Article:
Recently, Gartner has identified Software Defined Infrastructure (SDI) among the top 10 industry trends that will be strategic for most organizations in 2014 and further. There are two simultaneous phenomena happening since last year or so. One is that enterprises are increasingly moving critical and performance sensitive applications to the cloud and the other is that many new mobile, social and analytics applications are directly getting developed on the cloud. This shifted the value proposition from cost reduction to time-to-value (agility) and optimization. SDI brings these capabilities together. According to Gartner, SDI enables the configuration and management of heterogeneous compute, storage, and network assets into an infrastructure environment that is flexible, resilient, responsive and optimized for workload demands. In addition to this, SDI incorporates initiatives like Open Standards, OpenStack, OpenFlow, etc. to enable more choice, to tap into a broad ecosystem of partner solutions, and to reduce business risk.
When it comes to IBM, we use a more global term – Software Defined Environments (SDE). IBM is well positioned to offer end-to-end SDE based on open standards and communities. With IBM’s Software Defined Environment, infrastructure is fully programmable to rapidly deploy workloads on optimal resources and to instantly respond to changing business demands. The Software Defined Networks (SDN), Software Defined Storage (SDS), and Software Defined Compute (SDC) are the major domains of IBM’s SDE evolution. SDN is disrupting traditional switch and router vendors by moving the network control plane away from the switch to the software for improved programmability, efficiency and extensibility. SDS is disrupting traditional storage providers by enabling developers to build their own control software to customize, optimize and integrate off-the-shelf storage components. SDC automatically selects the best system based on the attributes and capabilities needed for the computation. SDE will be highly configurable and fully programmable with the control of the hardware moving up from the firmware layer to the software layer to provide the benefits of agility and resiliency. Underlying all of this is the delivery of these capabilities through open standards and open source. To become effective in this new, data-driven world, organizations must move to this next generation of automation, one that understands the requirements of business applications, responds to those requirements in real time and is built on open standards – Software Defined Environment!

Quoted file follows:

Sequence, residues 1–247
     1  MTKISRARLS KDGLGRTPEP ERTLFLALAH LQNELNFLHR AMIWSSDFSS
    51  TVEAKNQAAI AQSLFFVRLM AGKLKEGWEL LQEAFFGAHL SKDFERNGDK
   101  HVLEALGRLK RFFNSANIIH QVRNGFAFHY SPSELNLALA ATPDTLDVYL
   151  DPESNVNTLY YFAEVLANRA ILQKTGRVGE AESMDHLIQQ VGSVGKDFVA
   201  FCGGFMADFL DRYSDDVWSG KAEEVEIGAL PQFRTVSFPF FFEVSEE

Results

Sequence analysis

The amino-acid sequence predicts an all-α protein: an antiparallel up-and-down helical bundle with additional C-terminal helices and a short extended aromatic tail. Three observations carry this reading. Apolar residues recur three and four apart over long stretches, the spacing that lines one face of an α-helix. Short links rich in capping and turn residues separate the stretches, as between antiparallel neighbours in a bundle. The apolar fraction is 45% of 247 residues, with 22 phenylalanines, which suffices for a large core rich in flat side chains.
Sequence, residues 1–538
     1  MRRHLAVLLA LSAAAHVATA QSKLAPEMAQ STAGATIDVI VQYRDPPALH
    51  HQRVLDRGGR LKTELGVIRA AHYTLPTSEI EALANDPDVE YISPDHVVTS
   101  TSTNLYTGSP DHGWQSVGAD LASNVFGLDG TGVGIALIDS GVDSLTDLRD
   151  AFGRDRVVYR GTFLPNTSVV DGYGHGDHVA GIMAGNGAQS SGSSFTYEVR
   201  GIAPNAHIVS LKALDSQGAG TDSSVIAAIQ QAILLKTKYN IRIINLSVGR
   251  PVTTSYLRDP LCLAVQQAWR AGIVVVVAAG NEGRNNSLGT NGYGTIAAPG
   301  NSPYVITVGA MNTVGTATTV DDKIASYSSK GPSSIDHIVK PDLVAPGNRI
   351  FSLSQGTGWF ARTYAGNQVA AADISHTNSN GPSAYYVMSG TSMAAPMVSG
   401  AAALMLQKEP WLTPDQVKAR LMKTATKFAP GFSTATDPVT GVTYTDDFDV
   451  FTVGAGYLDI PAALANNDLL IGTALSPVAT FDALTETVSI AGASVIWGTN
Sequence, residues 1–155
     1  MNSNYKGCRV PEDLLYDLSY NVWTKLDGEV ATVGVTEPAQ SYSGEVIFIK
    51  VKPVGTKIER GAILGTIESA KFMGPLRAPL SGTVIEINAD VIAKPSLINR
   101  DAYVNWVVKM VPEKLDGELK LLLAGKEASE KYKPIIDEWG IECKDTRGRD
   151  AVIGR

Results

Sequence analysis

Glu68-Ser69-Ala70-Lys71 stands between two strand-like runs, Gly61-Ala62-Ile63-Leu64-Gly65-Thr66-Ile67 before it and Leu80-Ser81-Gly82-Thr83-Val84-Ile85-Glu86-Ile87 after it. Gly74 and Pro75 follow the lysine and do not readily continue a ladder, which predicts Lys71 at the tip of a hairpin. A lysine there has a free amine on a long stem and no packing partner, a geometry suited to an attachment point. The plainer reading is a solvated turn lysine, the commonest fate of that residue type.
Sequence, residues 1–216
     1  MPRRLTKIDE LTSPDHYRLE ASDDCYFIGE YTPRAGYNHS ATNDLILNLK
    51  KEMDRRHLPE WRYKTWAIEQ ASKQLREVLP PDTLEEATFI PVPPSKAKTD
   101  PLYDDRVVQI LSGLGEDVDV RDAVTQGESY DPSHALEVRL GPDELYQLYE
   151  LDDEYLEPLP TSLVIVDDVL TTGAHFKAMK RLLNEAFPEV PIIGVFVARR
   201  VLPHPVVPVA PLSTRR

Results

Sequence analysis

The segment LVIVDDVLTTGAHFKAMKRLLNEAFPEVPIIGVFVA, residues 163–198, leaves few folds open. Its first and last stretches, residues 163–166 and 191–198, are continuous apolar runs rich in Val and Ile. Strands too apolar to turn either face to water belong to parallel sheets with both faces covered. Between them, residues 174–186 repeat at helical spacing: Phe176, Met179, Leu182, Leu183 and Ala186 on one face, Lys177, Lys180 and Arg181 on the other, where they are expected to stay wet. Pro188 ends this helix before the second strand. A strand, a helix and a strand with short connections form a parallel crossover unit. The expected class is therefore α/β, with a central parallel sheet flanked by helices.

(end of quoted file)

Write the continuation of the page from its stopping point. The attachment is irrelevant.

IBM Systems and Technology Group